Organelle

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organelle

[¦ȯr·gə¦nel]
(cell and molecular biology)
A specialized subcellular structure, such as a mitochondrion, having a special function; a condensed system showing a high degree of internal order and definite limits of size and shape.

Organelle

 

a part of the body of a unicellular organism, or protozoan, that performs any one of various functions. Organelles are especially diverse and complex in Infusoria and Flagellata. There are several types of organelles. Skeletal and support organelles protect the organism from mechanical, chemical, and other harmful effects (for example, the shells of Sarcodina and Infusoria). There also are locomotor and contractile organelles (for example, flagella, cilia, and myonemes); sensory, or receptor, organelles (for example, photosensitive ocelli); and attack and defense organelles (for example, in Infusoria, the rod-shaped formations known as trichocysts, which are discharged from the body). Digestive organelles capture, conduct, and digest the food (for example, the digestive vacuoles of Infusoria). There are also excretory and secretory organelles (for example, the pulsating vacuoles of Infusoria). The term “organelle” is often used as a synonym for “organoid.”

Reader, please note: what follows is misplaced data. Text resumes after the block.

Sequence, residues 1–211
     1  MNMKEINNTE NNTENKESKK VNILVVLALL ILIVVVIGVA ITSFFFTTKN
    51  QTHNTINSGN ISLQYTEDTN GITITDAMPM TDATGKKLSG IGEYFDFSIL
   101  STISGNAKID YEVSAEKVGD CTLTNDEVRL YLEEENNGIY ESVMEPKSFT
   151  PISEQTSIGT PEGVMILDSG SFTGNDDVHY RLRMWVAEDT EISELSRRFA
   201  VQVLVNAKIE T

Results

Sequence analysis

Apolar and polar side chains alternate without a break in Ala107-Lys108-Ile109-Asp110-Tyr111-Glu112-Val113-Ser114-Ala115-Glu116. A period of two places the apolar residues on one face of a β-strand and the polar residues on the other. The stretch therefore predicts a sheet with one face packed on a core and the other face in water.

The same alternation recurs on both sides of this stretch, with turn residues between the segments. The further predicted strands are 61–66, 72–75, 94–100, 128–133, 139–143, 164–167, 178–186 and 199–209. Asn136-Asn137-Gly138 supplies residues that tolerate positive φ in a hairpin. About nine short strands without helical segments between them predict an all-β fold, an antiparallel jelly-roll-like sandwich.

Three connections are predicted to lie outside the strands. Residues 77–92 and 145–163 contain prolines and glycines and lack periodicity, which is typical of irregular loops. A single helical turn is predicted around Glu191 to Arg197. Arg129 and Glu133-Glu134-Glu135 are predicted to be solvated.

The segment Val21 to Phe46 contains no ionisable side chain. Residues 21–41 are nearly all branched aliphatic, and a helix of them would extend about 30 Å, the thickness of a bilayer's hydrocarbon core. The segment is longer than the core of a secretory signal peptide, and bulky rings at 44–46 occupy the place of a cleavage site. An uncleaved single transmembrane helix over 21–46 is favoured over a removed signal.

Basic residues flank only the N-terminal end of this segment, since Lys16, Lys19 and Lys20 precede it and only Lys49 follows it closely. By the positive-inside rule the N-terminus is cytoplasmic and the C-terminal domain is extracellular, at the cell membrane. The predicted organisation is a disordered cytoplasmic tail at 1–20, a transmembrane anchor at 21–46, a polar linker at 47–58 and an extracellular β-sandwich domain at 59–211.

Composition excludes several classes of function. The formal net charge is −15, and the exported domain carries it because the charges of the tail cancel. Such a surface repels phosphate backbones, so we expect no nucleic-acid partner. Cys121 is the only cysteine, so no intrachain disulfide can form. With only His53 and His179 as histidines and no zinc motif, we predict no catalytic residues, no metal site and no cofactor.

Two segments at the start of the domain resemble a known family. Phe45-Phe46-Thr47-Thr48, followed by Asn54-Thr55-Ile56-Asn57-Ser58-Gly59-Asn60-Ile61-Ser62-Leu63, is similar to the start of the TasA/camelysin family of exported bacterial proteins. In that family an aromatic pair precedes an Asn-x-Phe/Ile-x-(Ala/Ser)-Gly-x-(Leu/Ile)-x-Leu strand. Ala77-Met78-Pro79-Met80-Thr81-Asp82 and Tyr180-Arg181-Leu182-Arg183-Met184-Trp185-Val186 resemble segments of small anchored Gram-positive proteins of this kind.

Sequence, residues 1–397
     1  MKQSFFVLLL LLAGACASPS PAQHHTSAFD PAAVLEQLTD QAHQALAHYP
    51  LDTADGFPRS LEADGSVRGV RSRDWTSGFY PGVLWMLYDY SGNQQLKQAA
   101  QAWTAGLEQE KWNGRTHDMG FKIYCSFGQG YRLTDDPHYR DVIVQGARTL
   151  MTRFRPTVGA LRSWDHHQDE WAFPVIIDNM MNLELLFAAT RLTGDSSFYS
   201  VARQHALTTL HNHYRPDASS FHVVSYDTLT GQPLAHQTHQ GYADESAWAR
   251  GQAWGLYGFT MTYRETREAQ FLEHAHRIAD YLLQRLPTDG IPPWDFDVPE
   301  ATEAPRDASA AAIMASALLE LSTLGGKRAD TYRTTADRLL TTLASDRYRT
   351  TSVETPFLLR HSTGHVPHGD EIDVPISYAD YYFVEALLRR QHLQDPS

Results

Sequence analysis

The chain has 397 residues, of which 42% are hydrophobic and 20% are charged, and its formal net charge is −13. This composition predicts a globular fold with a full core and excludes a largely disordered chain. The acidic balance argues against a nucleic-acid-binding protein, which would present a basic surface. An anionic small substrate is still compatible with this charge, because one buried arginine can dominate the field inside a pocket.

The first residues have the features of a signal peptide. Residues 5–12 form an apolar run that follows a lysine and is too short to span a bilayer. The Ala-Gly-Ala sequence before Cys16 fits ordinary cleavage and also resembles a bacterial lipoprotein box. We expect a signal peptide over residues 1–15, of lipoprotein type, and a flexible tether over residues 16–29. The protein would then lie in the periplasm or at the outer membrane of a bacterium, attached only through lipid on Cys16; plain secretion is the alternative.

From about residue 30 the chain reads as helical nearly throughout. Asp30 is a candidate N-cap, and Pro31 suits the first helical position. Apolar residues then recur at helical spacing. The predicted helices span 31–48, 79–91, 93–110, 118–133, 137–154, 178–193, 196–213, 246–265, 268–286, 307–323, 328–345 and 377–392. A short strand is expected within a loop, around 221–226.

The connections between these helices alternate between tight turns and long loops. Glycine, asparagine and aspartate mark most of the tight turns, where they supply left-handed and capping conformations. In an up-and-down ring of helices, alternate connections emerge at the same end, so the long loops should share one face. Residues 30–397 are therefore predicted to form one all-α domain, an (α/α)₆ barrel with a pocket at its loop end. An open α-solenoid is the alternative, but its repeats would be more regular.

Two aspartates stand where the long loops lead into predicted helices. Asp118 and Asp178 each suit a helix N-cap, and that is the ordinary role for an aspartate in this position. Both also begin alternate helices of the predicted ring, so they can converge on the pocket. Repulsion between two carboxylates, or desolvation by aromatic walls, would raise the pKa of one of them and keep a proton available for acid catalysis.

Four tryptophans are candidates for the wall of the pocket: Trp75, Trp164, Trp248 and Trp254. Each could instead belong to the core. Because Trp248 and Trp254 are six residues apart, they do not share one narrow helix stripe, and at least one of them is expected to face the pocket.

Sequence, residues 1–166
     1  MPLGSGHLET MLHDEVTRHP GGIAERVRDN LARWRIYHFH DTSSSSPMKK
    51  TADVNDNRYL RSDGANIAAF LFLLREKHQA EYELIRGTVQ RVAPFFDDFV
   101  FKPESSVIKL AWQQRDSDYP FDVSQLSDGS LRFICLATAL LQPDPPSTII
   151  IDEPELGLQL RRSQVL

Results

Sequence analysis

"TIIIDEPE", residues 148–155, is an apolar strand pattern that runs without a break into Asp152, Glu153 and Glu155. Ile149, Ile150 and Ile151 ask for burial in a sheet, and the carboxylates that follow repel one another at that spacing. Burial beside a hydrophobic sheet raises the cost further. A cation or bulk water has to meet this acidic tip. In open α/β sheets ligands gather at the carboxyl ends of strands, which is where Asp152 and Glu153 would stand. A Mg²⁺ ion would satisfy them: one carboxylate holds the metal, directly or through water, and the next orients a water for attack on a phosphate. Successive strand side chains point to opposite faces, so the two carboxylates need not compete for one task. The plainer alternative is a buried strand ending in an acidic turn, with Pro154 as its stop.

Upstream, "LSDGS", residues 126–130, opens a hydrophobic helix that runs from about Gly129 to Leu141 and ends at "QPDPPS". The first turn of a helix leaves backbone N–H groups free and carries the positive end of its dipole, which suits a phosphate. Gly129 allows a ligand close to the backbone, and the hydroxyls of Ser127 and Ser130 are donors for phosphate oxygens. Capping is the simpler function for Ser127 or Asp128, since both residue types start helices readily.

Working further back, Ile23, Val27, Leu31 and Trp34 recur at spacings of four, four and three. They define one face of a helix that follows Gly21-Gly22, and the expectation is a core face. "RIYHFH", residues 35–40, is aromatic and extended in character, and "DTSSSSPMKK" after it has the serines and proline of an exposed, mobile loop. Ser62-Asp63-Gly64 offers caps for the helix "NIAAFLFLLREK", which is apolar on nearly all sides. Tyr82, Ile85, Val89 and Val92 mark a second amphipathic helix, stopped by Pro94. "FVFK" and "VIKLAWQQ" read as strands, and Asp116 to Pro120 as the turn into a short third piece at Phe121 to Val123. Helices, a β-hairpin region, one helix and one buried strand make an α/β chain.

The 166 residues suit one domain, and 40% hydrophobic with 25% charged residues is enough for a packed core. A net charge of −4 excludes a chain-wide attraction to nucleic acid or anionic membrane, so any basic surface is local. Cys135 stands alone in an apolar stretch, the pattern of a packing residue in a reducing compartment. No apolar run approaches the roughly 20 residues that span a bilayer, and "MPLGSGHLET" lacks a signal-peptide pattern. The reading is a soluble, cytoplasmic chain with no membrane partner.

References in periodicals archive ?
As a basis for study for multi-organelle organisms, we searched for the simplest suitable organism for the study of organellar division under several conditions using the eukaryotic phylogenetic tree shown in Fig.
Immunoblotting revealed that the PRIP-type AQP was constitutively expressed during oogenesis in specific organellar membranes.
This shows that the supposed molecular, organellar, and cellular levels of the biohierarchy are in fact all on one level of magnitude, so are not three hierarchical levels in a series.
Separation of organellar and nuclear DNA is not necessary for many procedures that detect a marker of interest, whether nuclear or organellar, through application of the appropriate probes or primers to total genomic DNA.
Chan, "Mitochondrial dynamics is a distinguishing feature of skeletal muscle fiber types and regulates organellar compartmentalization," Cell Metabolism, vol.
In the extreme view, a parasite represents the equivalent of an organellar genome, tracking hosts with such fidelity that incongruent genetic structure between host and parasite is assumed to reflect stochastic genealogical processes or different evolutionary rates rather than the possibility of semi-independent species histories (e.
2002), and previous genetic work revealed limited organellar genetic structuring range-wide (Baker et al.
It is not known if this represents particularly dense cytoplasm or organellar DNA in concentrations of mitochondria and plastids in this region.
Coverage includes membrane, organellar, cytoskeletal, adhesive and communicating, and polarized cellular domains, and domains regulating gene expression.
During this development, dynamic structural changes of the organellar nucleoid have been observed that likely accompany differences in function of the protein-DNA complexes.